7 Gotchas of Microsoft 'Office for iPad'

1. Office For iPad (Not)

Users of iPads the world over are reveling over "Office for iPad," the release last week of Microsoft's productivity suite for Apple's tablet platform. But, as the CRN Test Center discovered, there's no actual product by that name. Gotcha No. 1 is that there's nothing called "Office for iPad" in the Apple App Store. Instead, Redmond released three separate new apps called Word for iPad, Excel for iPad and PowerPoint for iPad. A minor point, perhaps, but some gotchas could impact the bottom line.

2. SKU Madness

Microsoft loves to SKU people, and the name-game might confuse IT departments when planning their deployment projects. The new iPad apps are easy enough to find when searching in iTunes, but a Google search for "Office for iPad itunes.com" will point to Microsoft Office Mobile, a separate product that requires one of five "qualifying" Office 365 subscription plans to do anything other than view files. Once the three new apps are correctly identified in iTunes, they too come with significant restrictions, and it's important to know what they are.

3. $99 Ain't Free

When it comes to editing Office documents using an app built by Microsoft, there's still no such thing as a free lunch. Someone who doesn't already have an Office 365 subscription can download Word for iPad for free and view Word documents until the cows come home. But for the privilege of creating or editing one, the App Store needs to ring up $99.99 per year for Office 365 Home purchased from within the app. That license allows the app to be installed and "used on an unlimited number of iPad devices" subject to terms of Office Consumer Subscriptions.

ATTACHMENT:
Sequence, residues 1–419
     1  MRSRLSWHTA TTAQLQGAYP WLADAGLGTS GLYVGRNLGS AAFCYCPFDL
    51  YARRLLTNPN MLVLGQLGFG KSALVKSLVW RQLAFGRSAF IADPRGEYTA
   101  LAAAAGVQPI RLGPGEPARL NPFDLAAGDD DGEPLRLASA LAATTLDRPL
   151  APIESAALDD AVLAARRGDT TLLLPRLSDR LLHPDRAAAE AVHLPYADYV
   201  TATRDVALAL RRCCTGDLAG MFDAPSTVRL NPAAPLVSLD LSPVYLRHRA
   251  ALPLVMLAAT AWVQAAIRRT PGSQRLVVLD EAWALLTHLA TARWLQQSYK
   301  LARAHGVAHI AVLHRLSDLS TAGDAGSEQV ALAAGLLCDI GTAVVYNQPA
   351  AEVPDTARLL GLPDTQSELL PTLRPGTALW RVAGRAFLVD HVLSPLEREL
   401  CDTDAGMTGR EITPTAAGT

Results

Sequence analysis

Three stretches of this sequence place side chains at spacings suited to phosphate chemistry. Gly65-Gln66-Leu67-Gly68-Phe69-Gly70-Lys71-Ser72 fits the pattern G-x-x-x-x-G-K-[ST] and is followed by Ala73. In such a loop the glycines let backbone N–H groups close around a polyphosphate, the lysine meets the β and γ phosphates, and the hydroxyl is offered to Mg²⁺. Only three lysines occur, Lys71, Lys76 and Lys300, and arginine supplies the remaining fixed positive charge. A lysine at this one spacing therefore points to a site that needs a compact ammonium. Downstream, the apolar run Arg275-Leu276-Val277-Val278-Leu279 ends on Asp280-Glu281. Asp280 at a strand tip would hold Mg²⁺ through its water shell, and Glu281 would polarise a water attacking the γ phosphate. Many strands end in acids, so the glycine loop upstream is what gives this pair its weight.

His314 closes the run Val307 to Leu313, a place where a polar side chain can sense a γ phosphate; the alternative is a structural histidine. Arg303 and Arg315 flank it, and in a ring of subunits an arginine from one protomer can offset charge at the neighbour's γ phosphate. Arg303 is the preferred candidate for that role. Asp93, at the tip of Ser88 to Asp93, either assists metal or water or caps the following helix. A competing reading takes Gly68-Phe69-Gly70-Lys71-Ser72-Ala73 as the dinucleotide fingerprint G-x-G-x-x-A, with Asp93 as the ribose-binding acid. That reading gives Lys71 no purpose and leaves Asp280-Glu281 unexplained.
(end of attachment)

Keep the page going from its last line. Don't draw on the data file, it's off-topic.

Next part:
4. Know The Agreement

There are cheaper ways of licensing "Office for iPad" than forking over $100, but beware; some may run afoul of that software user license agreement that no one reads. For most, the key takeaway from the "Office for iPad" license agreement (so titled despite no like-named product) is that current Office 365 subscribers "with mobile device rights" may "use and install copies of the application on iPad devices you own or control." Fair enough, since the cost of an Office 365 subscription starts at $5 per month, per user.

5. Student Discount

Students can get the Office 365 University subscription for four years for $79.99, or about $20 a year. That license permits installation on two Windows or Mac computers and two tablets. While this is the cheapest honest way to go, it might present enforcement challenges on the college campus. A slightly more generous licensing agreement comes with the Office 365 Education A3, which permits installation on as many as five computers and editing on unlimited tablets for $30 a year.

6. Multiple Logouts

When signing into Word for iPad for the first time using our Office 365 account, we were happy to discover that we didn't have to perform similar sign-ins when initially launching the iPad versions of Excel and PowerPoint. Other direction, not so much. Signing out of one app doesn't automatically sign out of the others. Fine for personal scenarios, but this is a security disaster for the enterprise. Handing off an iPad that's logged into someone else's OneDrive account is a serious gotcha, and there's no timeout setting. This will be a deal killer for many companies.

7. No Printing

That's right folks, Microsoft's new iPad apps lack the ability to output any of that beautiful content to a printer. So even with an Office 365 account, third-party printing solutions are the only way. We shouldn't be surprised; lots of apps lack the ability to print directly. That's why Apple invented AirPrint, which provides a wireless printing framework for any iOS app that bothers to connect with it. Unfortunately, Microsoft didn't bother.